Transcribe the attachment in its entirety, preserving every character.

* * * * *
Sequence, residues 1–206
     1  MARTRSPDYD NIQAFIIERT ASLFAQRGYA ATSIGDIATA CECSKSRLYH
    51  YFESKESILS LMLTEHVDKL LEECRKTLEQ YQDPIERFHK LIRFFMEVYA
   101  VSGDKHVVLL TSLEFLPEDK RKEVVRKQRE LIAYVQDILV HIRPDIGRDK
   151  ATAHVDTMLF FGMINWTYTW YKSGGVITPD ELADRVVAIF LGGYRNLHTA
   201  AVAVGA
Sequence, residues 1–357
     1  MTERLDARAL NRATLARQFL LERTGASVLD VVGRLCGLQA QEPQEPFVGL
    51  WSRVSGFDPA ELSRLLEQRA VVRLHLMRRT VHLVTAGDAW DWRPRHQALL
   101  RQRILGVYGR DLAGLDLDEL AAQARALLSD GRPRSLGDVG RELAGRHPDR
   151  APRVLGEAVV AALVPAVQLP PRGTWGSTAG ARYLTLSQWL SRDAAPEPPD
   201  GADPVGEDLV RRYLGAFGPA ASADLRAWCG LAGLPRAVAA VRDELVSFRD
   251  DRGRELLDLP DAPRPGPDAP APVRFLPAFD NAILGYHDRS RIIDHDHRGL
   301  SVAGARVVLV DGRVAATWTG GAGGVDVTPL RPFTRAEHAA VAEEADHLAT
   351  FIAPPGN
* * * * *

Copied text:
Sequence, residues 1–206
     1  MARTRSPDYD NIQAFIIERT ASLFAQRGYA ATSIGDIATA CECSKSRLYH
    51  YFESKESILS LMLTEHVDKL LEECRKTLEQ YQDPIERFHK LIRFFMEVYA
   101  VSGDKHVVLL TSLEFLPEDK RKEVVRKQRE LIAYVQDILV HIRPDIGRDK
   151  ATAHVDTMLF FGMINWTYTW YKSGGVITPD ELADRVVAIF LGGYRNLHTA
   201  AVAVGA
Sequence, residues 1–357
     1  MTERLDARAL NRATLARQFL LERTGASVLD VVGRLCGLQA QEPQEPFVGL
    51  WSRVSGFDPA ELSRLLEQRA VVRLHLMRRT VHLVTAGDAW DWRPRHQALL
   101  RQRILGVYGR DLAGLDLDEL AAQARALLSD GRPRSLGDVG RELAGRHPDR
   151  APRVLGEAVV AALVPAVQLP PRGTWGSTAG ARYLTLSQWL SRDAAPEPPD
   201  GADPVGEDLV RRYLGAFGPA ASADLRAWCG LAGLPRAVAA VRDELVSFRD
   251  DRGRELLDLP DAPRPGPDAP APVRFLPAFD NAILGYHDRS RIIDHDHRGL
   301  SVAGARVVLV DGRVAATWTG GAGGVDVTPL RPFTRAEHAA VAEEADHLAT
   351  FIAPPGN